By TARA SIEGEL BERNARD
When you can drive a car off the lot with that new car smell for a mere $199- or $299-a month-lease, many consumers can’t help asking: How can I afford not to take this deal?
After all, if your family is already paying for cable television and a couple of cellphones, many of the current leases being offered may seem like a relative steal. And with leases fueling surprisingly strong car sales, it seems that more drivers are thinking in those terms.
Indeed, the pay-as-you-go smartphone mentality seems to have seeped into the car market, especially with younger buyers, many of whom don’t seem to mind that they don’t own anything at the end of the lease’s term. But that hasn’t changed the long-term economics of leasing: it still costs several thousand dollars more than buying a new car, not to mention a newish used car.
“People’s attitudes are shifting,” said Philip Reed, senior consumer advice editor at Edmunds.com. “The car is being seen more as a commodity to be used and then returned. Ownership was a big part of the World War II generation — people wanted to own their house and own their car. They were taught that was financially responsible.”
There are reasons certain people might want to lease (the first one being you have extra money to burn). But for the rest of us, the financial consequences are worth re-examining, especially when you have a slew of competing financial priorities like college tuition, retirement or even a nice vacation.
So let’s start with the hard numbers. Mr. Reed looked at three ways you could acquire a four-door Honda Accord EX: buying a new 2014 model, leasing the same 2014 car, or buying a used 2011 Accord with 36,000 miles. (Many people in the New York area are paying about $28,211 for the new car, including tax, title and registration.)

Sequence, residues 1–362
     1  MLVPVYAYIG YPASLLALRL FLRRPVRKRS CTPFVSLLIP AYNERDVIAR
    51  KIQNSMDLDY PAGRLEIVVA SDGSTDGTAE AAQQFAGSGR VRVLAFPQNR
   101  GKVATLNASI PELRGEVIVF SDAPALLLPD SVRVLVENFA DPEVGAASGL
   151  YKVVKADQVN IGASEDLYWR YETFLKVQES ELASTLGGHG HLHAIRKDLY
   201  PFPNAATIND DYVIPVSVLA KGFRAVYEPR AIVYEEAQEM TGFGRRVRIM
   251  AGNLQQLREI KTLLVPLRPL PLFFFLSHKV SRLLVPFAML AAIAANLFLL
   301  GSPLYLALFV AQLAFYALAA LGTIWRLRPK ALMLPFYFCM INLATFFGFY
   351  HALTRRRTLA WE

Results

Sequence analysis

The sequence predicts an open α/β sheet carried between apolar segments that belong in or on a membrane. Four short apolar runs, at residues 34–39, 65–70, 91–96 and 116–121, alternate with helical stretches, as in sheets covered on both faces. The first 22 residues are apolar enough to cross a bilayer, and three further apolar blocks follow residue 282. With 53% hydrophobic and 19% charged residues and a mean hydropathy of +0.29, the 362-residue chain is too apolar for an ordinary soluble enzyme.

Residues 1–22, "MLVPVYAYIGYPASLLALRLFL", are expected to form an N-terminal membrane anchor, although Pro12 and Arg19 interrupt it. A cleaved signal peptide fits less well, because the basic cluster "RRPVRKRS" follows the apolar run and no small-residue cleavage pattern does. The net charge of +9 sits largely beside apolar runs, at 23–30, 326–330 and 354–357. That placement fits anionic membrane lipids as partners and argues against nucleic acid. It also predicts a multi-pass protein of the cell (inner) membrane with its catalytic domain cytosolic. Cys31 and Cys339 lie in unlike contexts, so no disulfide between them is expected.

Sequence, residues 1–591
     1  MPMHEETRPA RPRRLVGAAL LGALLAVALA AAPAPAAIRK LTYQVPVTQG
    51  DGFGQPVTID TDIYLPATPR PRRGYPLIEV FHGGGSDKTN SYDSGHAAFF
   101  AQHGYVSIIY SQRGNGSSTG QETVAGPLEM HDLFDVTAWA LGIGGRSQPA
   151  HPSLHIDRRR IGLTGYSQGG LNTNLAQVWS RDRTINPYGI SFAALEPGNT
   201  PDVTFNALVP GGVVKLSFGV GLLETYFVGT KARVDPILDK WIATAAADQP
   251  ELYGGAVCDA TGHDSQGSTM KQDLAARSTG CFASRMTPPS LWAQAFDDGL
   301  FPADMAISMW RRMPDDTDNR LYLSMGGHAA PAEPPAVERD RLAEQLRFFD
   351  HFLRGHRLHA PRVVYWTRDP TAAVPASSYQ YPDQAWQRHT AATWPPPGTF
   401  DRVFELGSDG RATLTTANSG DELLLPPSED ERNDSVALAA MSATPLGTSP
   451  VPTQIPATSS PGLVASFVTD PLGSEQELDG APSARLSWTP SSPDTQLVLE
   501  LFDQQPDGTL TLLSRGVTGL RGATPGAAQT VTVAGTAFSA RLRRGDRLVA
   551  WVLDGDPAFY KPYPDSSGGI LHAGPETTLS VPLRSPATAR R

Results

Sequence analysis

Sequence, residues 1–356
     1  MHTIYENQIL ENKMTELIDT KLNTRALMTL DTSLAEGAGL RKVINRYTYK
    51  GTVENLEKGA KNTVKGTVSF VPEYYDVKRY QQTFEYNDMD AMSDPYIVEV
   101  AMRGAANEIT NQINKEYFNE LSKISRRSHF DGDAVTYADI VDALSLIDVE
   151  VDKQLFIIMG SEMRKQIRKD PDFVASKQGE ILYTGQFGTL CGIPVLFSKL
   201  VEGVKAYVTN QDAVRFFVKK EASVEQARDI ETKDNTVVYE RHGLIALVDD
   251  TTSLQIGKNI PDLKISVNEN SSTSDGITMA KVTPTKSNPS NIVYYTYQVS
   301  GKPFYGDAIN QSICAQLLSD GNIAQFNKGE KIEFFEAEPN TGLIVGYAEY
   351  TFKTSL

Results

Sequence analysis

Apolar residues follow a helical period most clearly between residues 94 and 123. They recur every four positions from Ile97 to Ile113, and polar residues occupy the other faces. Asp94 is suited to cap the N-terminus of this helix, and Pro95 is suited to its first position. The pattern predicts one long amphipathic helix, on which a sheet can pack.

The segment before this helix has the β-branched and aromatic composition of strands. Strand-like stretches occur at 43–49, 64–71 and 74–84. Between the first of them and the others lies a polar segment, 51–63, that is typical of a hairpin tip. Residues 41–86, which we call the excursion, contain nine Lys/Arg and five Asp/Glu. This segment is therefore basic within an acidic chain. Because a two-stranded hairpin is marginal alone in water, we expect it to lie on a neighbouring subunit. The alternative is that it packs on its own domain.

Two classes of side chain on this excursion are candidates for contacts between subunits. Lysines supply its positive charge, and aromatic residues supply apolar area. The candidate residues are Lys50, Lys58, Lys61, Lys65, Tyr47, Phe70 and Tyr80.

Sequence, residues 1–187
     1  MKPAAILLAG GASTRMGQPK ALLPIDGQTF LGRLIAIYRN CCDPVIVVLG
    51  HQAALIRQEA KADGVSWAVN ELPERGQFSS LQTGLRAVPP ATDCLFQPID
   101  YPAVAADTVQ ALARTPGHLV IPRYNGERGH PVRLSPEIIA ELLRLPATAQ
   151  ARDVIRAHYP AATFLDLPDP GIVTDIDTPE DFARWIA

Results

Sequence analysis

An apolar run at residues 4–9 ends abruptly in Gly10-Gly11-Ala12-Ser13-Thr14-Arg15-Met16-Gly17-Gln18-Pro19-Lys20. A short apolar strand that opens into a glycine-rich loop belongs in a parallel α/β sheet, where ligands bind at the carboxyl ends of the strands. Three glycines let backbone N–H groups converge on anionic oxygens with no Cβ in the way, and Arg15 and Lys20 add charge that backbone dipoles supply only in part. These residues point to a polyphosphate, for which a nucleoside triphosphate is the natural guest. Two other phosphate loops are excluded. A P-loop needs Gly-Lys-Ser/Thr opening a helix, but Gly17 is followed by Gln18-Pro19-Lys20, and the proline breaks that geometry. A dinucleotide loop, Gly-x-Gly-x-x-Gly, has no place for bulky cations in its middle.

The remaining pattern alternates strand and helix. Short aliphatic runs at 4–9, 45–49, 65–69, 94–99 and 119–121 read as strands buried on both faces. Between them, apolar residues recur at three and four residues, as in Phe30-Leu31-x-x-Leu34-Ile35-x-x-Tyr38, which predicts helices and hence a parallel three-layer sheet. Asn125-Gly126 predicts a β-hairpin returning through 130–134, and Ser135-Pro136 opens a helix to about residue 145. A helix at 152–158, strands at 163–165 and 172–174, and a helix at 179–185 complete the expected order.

The analysis looked at the cost over six years, since the average person owns a car for that long, and it incorporated typical buying patterns: the new Accord is purchased with a five-year loan, the used car is financed with a four-year loan, and the person who is leasing must take out two consecutive 36-month leases. (The rest of the assumptions are detailed on the accompanying chart.)
Leasing initially seems to be the cheapest route when you look at total out-of-pocket expenses: It costs $5,244 less than buying new. (Buying a used car is still the most economical. You save $5,277 compared with leasing, and it’s about a whopping $10,500 less than buying new.)
But when you account for the teensy fact that you don’t own anything at the end of those six years, the calculus changes. If you had bought the car new, it would still be worth about $11,000, according to Edmunds.com’s calculators. The used Accord would be worth around $5,000.
So after you factor in that equity, leasing costs $5,756 more than buying a new car and $10,277 more than buying used. (Buying new costs $4,521 more than buying used.) Leasing is the loser across the board.
“If you asked me what is the most expensive way to get a car, the answer would be: You only want to own it during its period of greatest depreciation and then move to another new vehicle,” said Jeff Bartlett, deputy automotive editor at Consumer Reports. “Well, that’s what leasing is.”
With that analysis in mind, here are some other factors that need to be considered when deciding the best way to acquire a car:
NEEDS VERSUS WANTS Is there anything you absolutely need now that you can’t get in a lightly used car that’s only a few years old? Some experts say you can make a decent argument for new cars based on some recent safety improvements. The Insurance Institute for Highway Safety, which some experts say tends to have more rigorous guidelines than the government, added new recommendations after its latest small frontal crash tests last summer. And some manufacturers have been updating their existing models, Mr. Bartlett said, to meet those standards.